• 6. Never leave your pet in a parked car, not even if you park in the shade or plan to be gone for only a few minutes. The temperature inside of a car can reach oven-like temperatures in just minutes, often in excess of 140 degrees. That quick errand can turn into a disaster and could be fatal for your pet.

What Should You Do If Your Dog Is Suffering From Heat Stroke?

If you suspect your dog is suffering from heat stroke, fast action might save their life.

Remove the dog from the hot area immediately. Wet them thoroughly with cool to room temperature water and increase air movement around them with a fan.

Do not use ice or very cold water: it can be counterproductive since cooling too quickly can trigger other life-threatening conditions. Allow free access to water, but don’t force the animal to drink — they may inhale it or choke.

Even if the dog seems to be recovering, take them to the veterinarian as soon as possible. Dehydration is just one complication of heat stroke that the veterinarian will need to address.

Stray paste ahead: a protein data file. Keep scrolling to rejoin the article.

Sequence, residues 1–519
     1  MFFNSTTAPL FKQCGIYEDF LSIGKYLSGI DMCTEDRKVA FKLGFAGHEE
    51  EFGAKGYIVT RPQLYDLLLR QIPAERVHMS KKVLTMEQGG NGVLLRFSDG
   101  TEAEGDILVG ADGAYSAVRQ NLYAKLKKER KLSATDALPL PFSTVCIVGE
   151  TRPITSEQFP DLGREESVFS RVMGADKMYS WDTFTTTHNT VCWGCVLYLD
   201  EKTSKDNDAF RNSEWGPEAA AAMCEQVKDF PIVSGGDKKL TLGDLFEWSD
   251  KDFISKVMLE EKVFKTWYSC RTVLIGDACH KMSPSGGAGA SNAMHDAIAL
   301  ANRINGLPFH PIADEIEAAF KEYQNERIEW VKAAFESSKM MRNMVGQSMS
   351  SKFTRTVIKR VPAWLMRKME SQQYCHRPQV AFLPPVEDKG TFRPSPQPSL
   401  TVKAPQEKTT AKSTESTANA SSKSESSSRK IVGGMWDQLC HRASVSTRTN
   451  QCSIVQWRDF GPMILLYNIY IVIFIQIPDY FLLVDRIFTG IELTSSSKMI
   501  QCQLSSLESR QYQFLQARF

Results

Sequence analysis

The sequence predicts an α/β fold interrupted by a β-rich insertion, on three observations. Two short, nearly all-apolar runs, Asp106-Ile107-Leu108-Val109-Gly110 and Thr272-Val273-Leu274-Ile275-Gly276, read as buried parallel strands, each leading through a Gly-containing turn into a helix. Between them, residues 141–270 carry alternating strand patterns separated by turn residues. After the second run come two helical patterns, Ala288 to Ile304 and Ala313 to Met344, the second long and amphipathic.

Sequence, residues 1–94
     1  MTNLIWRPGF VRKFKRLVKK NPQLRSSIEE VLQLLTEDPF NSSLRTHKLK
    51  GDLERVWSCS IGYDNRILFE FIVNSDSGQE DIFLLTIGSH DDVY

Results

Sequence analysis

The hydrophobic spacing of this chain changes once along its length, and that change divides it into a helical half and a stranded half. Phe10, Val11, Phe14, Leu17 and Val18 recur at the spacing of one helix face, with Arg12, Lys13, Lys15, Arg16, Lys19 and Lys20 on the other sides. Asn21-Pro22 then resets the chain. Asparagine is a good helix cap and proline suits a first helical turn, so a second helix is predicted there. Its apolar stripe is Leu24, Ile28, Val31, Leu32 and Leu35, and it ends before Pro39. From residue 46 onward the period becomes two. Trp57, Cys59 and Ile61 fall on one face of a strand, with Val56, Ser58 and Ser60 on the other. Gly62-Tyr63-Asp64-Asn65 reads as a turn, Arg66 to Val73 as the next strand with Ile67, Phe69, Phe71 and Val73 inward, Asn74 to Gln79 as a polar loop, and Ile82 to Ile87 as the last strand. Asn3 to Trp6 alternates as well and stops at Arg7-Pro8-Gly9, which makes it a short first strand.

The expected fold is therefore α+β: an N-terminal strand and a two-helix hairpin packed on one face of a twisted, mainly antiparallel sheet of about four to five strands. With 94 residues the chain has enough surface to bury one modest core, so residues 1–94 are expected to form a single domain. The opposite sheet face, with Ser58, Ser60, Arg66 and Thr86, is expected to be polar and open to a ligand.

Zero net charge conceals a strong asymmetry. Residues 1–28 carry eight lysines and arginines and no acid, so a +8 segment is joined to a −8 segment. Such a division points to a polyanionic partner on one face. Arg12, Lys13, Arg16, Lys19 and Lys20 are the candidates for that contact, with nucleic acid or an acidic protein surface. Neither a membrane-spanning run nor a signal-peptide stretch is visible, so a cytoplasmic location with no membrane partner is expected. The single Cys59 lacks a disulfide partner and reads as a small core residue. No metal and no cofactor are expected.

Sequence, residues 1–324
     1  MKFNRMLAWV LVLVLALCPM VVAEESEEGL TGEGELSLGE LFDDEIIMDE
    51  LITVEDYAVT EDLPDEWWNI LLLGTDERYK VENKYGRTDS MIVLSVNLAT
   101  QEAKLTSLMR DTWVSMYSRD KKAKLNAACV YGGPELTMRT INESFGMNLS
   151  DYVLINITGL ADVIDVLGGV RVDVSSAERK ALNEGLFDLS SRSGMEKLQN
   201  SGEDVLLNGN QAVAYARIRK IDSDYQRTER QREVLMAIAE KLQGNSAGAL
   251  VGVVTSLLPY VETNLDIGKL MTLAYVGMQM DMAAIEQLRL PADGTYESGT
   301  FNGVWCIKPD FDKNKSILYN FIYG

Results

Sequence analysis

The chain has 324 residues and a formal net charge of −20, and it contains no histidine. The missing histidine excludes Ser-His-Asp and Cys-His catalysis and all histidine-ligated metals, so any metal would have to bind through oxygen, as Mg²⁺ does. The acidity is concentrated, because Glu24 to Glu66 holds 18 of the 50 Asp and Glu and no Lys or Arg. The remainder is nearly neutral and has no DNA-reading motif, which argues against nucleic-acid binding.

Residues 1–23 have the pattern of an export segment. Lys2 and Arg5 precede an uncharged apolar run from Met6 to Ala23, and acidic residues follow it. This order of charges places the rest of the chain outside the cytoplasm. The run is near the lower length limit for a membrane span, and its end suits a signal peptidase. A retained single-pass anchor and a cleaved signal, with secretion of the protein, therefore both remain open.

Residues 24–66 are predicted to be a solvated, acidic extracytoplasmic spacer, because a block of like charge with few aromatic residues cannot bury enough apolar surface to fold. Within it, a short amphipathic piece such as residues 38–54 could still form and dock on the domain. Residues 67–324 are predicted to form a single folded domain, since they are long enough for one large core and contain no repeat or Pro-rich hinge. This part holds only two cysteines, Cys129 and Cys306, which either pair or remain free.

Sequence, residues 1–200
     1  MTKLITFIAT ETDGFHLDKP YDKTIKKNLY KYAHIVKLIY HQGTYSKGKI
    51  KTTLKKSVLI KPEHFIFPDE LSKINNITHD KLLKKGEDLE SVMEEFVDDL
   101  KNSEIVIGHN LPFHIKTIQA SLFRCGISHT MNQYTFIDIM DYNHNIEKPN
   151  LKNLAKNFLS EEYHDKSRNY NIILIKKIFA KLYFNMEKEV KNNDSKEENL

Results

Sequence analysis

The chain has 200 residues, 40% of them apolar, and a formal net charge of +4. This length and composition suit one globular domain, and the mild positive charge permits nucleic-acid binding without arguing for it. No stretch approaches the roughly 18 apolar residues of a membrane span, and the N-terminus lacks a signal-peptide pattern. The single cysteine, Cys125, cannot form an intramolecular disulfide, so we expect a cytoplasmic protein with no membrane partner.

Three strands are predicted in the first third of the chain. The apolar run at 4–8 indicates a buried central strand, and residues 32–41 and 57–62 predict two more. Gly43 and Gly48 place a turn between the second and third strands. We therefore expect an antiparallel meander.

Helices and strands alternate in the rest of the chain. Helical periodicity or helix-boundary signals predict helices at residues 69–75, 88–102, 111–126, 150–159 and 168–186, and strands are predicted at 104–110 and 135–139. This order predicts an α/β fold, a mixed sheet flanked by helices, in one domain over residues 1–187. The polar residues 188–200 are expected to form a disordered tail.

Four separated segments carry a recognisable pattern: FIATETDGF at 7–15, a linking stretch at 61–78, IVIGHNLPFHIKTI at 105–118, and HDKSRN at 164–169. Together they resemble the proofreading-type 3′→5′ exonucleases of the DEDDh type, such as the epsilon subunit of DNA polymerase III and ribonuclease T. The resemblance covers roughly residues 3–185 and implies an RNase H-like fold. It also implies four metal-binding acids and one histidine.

The first priority will be lowering the body temperature to a safe range, and the animal may be given fluids and oxygen. A pet brought in for heat stroke should be monitored for shock, respiratory distress, kidney failure, and heart abnormalities and treated accordingly.

Your doctor may take blood samples, since clotting problems are a common complication of heat stroke. Dogs who’ve suffered from heat stroke once increase their risk of doing so again, so steps to prevent it must be taken. For them, hot and humid days will always pose a greater danger.

If any of the organs such as the heart, lungs, liver, or kidneys have been severely harmed during the heat stroke, the consequences may be irreversible.

Dogs are, by nature, protective of their humans. Responsible pet parents must return the favor by protecting their pets from the dangers of excessive heat so they can safely enjoy the welcome warmth of the summer season.

Do you keep your dog safe in summer? Got any tips for keeping dogs cool and hydrated? Let us know in the comments below!